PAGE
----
It is important to understand that in Tamil Nadu stars leave behind their original identity and become wholly and fully their present identity as the past always has baggage.

Let me elaborate on this a bit. Take Jayalalitha, a Kannadiga Brahmin from Mangalore – If one looked at her original identity, she will not even win 3 votes in an election. Brahmins & Kannadigas (even a Tamil from Karnataka) are like a double whammy for anybody’s political future in this state. It is like a…Pakistani Muslim trying to be PM of India. What has she done? Become Amma. She is Amma, she is NOT Jayalalitha. She transcends all (her origins I mean) and in a way she is a formless entity as the moment she takes form, her political future will end.

Likewise Rajini. Rajini is Rajini, he is not Shivaji Rao Gaekwad. The only thing from his origin that is left is his roots as a conductor. It is important, indeed very crucial to understand him.

5 Ugly Realities of an Indian in America

# 4 – There are some pretty Bizarre rules

When I first heard that I was visiting America, the land of the free, the land of the brave, I was excited. I was super excited. I was more excited at this thought than I was when I first saw boobs in a shady theatre filming the movie called “Night Club”. I landed in La Guardia and met my host family and straight out came a list of rules. Some were common sense, but others were baffling. I was told that I was not to make eye contact for longer than 5 seconds with a black person (they are apparently called thugs who are apparently into something called thuglyfe), white person (cops), Hispanic (drug dealers from some place called Juarez Cartel) or Asians. This could be seen as an invitation for them to either blow my brains away – America has a higher guns to person ratio than chopsticks to person ratio in China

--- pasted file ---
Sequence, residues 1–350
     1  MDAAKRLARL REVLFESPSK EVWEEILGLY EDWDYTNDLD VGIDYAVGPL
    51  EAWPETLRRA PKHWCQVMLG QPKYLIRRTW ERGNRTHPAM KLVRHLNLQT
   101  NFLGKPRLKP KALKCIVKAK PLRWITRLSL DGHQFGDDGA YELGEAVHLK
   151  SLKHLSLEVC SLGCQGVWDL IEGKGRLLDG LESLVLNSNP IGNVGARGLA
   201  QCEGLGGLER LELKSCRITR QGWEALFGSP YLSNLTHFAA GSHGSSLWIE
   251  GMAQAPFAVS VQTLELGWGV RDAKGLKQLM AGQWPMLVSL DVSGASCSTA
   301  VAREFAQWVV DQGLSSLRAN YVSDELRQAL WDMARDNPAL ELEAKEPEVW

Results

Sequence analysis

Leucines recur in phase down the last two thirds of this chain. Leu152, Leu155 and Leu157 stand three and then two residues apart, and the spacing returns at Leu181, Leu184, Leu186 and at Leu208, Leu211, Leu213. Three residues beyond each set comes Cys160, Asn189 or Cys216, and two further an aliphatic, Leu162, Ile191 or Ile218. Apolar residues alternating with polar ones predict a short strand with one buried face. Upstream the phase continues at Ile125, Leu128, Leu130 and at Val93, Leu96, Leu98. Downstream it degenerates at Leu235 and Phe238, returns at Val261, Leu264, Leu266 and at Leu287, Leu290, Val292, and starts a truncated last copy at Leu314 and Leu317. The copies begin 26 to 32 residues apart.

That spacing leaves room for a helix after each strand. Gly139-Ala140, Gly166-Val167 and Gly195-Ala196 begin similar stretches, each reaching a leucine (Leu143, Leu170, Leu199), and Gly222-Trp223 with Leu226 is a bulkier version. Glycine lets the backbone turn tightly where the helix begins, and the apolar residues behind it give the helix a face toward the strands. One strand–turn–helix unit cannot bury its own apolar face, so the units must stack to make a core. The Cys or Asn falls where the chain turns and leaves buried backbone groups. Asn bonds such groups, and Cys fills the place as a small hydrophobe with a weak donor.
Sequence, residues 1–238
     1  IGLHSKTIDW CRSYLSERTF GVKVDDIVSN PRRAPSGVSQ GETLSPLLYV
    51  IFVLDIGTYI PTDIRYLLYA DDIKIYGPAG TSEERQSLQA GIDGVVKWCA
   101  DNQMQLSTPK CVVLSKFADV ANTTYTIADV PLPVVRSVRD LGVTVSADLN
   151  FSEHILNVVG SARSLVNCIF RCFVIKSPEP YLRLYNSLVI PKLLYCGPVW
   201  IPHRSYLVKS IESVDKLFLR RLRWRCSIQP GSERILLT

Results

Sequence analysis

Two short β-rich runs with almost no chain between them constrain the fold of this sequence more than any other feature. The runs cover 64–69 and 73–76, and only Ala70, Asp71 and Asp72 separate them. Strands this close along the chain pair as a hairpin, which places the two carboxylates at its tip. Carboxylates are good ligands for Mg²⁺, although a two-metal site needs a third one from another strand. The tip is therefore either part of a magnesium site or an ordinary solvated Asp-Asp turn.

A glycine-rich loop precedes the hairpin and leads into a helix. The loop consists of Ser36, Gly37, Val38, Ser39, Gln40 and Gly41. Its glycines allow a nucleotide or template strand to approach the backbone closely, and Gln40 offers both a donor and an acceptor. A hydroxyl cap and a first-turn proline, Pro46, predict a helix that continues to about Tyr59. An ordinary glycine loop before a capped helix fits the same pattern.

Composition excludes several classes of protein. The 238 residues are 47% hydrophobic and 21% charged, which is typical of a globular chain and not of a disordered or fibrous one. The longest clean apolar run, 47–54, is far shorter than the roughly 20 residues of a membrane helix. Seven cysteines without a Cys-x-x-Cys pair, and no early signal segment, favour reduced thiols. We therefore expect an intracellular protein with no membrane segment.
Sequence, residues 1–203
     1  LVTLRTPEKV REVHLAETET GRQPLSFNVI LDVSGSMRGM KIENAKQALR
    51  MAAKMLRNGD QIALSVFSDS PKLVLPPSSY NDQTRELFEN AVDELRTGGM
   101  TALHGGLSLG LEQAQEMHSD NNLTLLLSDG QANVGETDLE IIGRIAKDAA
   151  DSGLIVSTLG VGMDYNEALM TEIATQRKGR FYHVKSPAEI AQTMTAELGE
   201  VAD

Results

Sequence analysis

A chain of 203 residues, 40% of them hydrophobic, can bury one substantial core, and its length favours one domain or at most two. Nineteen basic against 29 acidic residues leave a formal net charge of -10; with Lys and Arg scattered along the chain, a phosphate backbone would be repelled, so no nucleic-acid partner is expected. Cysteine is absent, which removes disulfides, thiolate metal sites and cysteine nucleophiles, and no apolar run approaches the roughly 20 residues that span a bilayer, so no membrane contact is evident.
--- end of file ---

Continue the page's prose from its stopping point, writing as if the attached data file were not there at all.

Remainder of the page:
So I walk around, and am paranoid at not making eye contact for more than 5 seconds, I was half expecting my brains to be brain soup every time I felt I had crossed the magical 5 second mark. I shuffled my eyes so much that I think I was beginning to get cross eyed.
And the rules continue, don’t be a brown person in an airport, don’t walk around the city with money or any sort of wealth on display, don’t ever talk back to a police officer, unless you want to spend your vacation in braces in a hospital that is…so funny right?

# 2 – The Sizes, everything is vast to this tiny brown person

Given that Americans are as obese as Adnan Sami before his surgery and then some, I found this baffling. Coffee cups weren’t cups, but barrels. Their burgers are the size of the average Indian car, and their cars are the size of an average Indian bus. Walking down the aisle in this store called Walmart, I was almost run over by monstrous trucks that were dressed like wheelchairs. Piloting these Jaegers were gigantic beings with little regard for the tiny brown Indian scurrying before their machines. They are also forever eating, one hand is clutching this gigantic sandwich mountain called a burger, the other is slurping on something called cola – about 4 litres of it, while on their ample gut they manage to balance plate of Spaghetti Bolognese. Just one hand could literally feed a poor starving Indian village for a month.